wears the trousers magazine


bertie blackman: secrets & lies (2009)
July 21, 2009, 10:18 am
Filed under: album, review, video | Tags: , , , ,

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Bertie Blackman
Secrets & Lies •••
Forum 5

Much has been made of Bertie Blackman’s transition from alternative rock starlet to electronic goddess, but the transition is not that surprising given Blackman’s track record. Her evolution from demure folk-rock indie sweetheart on first album Headway to grungy rock chick on the follow up Black was just as compelling – if not as radical. On her latest effort Secrets & Lies, Blackman has reimagined her sound completely, and while it doesn’t always make an entirely convincing listen, it is certainly an intriguing one which needs a few listens to soak in.

Opening proceedings with the orchestral ‘Sky Is Falling’ is a brave choice, but it’s a fitting introduction to what is, by Blackman’s standards, an experimental record. The pulsating ‘Thump’ is a no-holds-barred rocker that is given a certain edge by its electronic flourishes, while ‘Black Cats’, the first track to fully embrace electro, is a curiously endearing song that could have been plucked from The Presets’ Apocalypso. Lead single ‘Heart’ is a busily infectious affair, complete with tempo changes, ’80s-style synths and even doo-wop backing vocals. The album’s highlight, however, is the sprawling ‘Byrds Of Prey’, an instantly gripping club track that is calling out for a set of throbbing remixes, but even in its original form would win over the hardest of clubbers.

It’s unfortunate that Blackman doesn’t reach this frenetic pace again, but she keeps things moving at a reasonable tempo with the seductive ‘Come To Bed’ and the stirring, sparsely arranged ‘Shout Out’, which has more in common with her previous work than anything else on offer here. ‘White Owl’ and ‘Clocks’, while sonically pretty, have moments that verge close to becoming tedious and dull, but in most cases Blackman’s understated vocal performances are engaging enough to maintain interest. Lyrically, too, Blackman keeps things intriguing, particularly on the aptly titled ‘Lust & Found’ on which she spurts out lines like “And what would our parents say / as this generations bleeds / they’d say I know what you love is / but it’s lost in a red, red sea” with a quiet vigour that is uniquely hers.

Blackman has made a brave record with Secrets & Lies, not by completely shedding her alt-rock persona but by adding another dimension to her sound. Her experimentation is not always successful, and the album does seem to lag in the second half, but she should be given credit for taking a risk with her sound, something which many more accomplished acts are reluctant (or too uninspired) to do. Nonetheless, Blackman seems more at home when rocking out than when she’s hiding behind a wall of electronica.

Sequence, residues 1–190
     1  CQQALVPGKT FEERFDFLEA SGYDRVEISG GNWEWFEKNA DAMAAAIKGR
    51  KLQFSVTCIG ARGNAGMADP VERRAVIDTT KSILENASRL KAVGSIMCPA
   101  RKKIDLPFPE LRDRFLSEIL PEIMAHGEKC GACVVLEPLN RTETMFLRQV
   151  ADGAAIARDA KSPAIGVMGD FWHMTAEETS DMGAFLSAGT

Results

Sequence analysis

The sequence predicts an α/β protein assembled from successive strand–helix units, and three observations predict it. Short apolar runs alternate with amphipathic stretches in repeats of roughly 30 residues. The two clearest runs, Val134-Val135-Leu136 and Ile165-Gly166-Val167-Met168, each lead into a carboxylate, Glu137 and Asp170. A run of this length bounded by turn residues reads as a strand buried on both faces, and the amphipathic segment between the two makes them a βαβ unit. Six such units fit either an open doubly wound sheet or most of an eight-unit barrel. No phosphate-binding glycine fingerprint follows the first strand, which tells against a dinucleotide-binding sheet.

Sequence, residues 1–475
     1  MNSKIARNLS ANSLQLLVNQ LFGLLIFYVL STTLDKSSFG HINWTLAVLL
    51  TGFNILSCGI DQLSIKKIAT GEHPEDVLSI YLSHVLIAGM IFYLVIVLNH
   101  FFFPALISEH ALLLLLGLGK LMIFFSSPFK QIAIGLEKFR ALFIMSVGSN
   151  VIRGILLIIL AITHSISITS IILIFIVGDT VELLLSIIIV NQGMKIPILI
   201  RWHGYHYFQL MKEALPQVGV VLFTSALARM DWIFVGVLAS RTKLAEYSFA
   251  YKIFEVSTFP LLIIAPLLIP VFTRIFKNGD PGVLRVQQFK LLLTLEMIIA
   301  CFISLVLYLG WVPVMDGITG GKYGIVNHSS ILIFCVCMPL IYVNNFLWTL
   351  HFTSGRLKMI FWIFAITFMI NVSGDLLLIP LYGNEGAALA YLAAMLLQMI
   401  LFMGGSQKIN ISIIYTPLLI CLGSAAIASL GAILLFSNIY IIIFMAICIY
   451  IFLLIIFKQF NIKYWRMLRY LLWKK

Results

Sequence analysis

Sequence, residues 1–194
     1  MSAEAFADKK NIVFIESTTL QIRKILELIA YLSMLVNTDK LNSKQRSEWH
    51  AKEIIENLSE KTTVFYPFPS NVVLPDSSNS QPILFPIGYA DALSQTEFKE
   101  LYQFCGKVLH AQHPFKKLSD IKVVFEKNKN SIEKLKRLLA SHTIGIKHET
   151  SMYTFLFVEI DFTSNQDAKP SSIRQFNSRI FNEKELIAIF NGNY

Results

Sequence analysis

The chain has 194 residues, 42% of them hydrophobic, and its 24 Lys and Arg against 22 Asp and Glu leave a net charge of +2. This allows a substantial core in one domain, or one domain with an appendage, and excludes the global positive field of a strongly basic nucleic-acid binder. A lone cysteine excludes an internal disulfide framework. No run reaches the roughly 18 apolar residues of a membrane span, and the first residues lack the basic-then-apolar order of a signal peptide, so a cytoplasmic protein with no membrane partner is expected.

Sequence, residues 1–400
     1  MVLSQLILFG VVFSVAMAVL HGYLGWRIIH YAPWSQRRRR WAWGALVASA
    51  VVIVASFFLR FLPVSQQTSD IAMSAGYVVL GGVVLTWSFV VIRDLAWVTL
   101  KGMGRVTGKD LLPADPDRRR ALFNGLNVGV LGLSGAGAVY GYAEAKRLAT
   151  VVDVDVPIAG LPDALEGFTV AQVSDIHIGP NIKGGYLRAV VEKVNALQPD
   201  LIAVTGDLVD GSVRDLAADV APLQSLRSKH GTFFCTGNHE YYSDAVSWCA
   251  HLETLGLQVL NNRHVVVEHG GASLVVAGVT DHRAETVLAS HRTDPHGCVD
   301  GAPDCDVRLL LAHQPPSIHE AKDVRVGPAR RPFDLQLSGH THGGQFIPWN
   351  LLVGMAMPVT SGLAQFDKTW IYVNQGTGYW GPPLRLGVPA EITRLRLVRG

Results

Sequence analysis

Dane Hodges
Available on import only; www.myspace.com/bertieblackman

‘Thump’

‘Heart’

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[…] bertie blackman: secrets & lies (2009) […]

Pingback by australia week « wears the trousers magazine

[…] New Zealand pop act Ladyhawke beat down any controversy over her five nominations at last night’s Australian Recording Industry Association (ARIA) awards with two wins, taking home both the best single (‘My Delirium’) and album (Ladyhawke) prizes for a breakthrough artist. Commenting on the dispute surrounding her participation, she told MTV Australia: ”It’s a shame that there was a bit of dark shadow cast on it. I didn’t want to offend anyone… I just write exactly the type of music I want to listen to myself.” Previous ARIA award winner Sarah Blasko, who has established herself as one of Australia’s most loved and continually evolving artists, took home the award for best female artist following the success of her third album As Day Follows Night [review / interview]. Other winners included Sia for the lovely TV Is My Parent DVD and independent artist Bertie Blackman for her third album Secrets & Lies [review]. […]

Pingback by ladyhawke, sia and sarah blasko win at 2009 ARIA awards « wears the trousers magazine




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